A team of Hiram Monserrate campaign contributors are going to bat for the ex-Queens councilmember as he attempts to claw his way onto the June primary ballot.
Queens Democratic District Leader Sonya Harvey and three other Monserrate allies are suing the New York City Campaign Finance Board in Manhattan federal court after the agency denied matching funds to their candidate in his bid for Corona’s Council District 21.
Monserrate was blocked from appearing on the ballot Wednesday based on a new city law that prohibits former elected officials with public corruption records from holding municipal office. Monserrate was convicted in 2012 of steering council money into a nonprofit and using the cash to fund his successful bid for state senate. He was also convicted of an unrelated domestic violence-related misdemeanor.
In their lawsuit, filed April 8, the Monserrate allies contend that the new measure, “did not bar Monserrate (or any theoretical candidate who the law might also apply to) from having his contributors’ donations matched from running for office, or from appearing on the ballot.”
Monserrate opted to participate in the city’s eight-to-one matching funds program and raised $18,070 from 282 contributors as of March 11, according to his most recent financial disclosure report. He received nearly all of the contributions before the new law was enacted Feb. 25, the lawsuit states.
The plaintiffs also challenge the constitutionality of the measure intended to keep Monserrate off the ballot.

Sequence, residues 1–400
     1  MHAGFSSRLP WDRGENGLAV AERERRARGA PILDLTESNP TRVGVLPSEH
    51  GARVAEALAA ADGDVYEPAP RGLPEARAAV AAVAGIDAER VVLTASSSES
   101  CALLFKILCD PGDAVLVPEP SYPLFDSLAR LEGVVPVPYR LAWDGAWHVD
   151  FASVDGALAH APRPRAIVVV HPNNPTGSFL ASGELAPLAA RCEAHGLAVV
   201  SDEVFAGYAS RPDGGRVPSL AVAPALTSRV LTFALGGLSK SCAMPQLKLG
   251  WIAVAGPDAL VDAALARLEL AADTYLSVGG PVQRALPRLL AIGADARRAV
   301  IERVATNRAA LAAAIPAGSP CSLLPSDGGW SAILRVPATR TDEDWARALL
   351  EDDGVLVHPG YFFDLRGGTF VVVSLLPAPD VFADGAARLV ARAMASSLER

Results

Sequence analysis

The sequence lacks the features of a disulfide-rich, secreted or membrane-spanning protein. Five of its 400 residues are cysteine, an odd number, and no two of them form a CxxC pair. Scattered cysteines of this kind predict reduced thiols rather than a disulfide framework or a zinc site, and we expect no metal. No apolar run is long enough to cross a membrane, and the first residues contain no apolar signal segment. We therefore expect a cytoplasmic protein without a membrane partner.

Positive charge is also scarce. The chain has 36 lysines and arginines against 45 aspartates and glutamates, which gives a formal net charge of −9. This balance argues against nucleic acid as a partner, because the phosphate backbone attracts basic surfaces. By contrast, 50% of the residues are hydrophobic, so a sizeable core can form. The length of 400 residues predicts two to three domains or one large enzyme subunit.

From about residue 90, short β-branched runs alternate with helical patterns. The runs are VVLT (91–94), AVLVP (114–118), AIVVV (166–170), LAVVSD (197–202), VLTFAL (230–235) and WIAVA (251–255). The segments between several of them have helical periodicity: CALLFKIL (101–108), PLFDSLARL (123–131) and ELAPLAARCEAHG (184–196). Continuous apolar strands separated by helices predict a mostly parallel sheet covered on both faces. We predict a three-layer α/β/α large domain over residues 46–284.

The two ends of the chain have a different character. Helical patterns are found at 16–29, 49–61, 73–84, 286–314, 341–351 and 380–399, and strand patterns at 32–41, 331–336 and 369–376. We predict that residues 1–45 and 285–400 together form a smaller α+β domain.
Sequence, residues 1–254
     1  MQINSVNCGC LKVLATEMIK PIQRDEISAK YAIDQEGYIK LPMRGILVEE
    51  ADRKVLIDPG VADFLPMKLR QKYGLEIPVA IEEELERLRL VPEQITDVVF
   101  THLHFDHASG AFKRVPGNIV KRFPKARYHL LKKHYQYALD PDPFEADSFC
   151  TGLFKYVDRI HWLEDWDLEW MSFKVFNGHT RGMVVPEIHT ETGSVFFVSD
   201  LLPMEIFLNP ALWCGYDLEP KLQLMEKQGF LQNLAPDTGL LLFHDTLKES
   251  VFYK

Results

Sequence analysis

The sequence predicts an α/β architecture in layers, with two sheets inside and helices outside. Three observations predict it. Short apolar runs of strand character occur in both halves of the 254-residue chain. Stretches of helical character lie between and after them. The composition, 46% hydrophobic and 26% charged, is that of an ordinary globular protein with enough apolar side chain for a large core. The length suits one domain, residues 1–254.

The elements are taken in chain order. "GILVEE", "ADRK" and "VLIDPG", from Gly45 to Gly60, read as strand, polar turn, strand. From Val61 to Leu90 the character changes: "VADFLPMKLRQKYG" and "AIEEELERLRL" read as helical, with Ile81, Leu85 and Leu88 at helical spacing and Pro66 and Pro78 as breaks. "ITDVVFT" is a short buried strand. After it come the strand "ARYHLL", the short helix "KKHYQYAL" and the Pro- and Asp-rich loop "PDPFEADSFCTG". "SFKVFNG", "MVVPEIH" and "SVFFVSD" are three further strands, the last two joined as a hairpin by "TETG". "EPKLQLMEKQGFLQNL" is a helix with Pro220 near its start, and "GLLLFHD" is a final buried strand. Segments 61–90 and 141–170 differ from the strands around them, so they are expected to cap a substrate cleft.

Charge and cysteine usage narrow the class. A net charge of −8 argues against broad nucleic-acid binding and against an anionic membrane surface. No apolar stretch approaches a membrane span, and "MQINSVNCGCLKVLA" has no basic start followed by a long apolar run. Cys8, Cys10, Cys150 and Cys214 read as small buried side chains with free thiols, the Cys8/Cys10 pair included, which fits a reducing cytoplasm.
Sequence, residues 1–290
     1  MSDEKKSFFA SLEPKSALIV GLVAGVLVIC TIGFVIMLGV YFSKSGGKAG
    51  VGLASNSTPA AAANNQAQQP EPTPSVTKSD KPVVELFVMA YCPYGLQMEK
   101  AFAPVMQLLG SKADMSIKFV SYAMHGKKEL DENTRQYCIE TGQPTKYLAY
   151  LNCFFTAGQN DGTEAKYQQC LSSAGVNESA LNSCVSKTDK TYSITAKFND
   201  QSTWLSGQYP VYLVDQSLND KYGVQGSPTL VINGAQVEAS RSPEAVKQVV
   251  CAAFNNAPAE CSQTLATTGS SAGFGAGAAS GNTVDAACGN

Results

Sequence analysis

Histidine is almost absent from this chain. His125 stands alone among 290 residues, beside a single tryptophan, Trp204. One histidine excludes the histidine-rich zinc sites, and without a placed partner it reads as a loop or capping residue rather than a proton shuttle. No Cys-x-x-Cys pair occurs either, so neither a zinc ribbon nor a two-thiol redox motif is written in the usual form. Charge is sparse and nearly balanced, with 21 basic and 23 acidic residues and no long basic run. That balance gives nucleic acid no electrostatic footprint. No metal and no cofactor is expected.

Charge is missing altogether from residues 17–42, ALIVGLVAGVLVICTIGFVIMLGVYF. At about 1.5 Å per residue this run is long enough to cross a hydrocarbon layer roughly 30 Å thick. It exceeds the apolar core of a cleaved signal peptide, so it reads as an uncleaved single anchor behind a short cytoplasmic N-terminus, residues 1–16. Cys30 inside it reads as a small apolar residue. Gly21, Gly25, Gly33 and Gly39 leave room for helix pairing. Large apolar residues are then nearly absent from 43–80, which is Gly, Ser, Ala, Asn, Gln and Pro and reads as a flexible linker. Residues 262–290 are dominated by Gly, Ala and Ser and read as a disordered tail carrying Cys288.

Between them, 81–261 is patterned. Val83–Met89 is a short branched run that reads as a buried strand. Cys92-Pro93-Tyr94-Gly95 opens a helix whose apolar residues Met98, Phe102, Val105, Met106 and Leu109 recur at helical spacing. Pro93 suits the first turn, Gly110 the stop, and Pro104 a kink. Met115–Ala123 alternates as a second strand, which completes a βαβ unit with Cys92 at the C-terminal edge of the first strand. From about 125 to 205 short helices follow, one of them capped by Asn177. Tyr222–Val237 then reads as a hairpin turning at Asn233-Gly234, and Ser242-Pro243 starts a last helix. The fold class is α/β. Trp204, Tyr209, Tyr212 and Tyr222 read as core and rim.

“Even if the law did address the candidate’s right to appear on the ballot in the first instance (it does not), for perhaps obvious reasons, it is unlikely that there exists ‘any legislation that has been found constitutionally sound when enacted during an election cycle that disqualifies previously qualifying candidates from appearing on a ballot,” the complaint continues, citing case law.
Two other Democrats vying to unseat incumbent Councilmember Francisco Moya have received city matching funds. Ingrid Gomez has so far taken in $117,405, while Talea Wufka has received $43,616.
Harvey and the co-plaintiffs, Malikah Shabazz, Rosa Sanchez and Frank Taylor, are represented by election lawyer J. Remy Green — no fan of Monserrate.
“I would never vote for the guy, but this is not how we do things,” Green told the Eagle. “This is not democratic. This is not constitutional and, ultimately, it’s tragic that the New York Democrats seem to be providing a blueprint for national Republicans to override the will of the people.”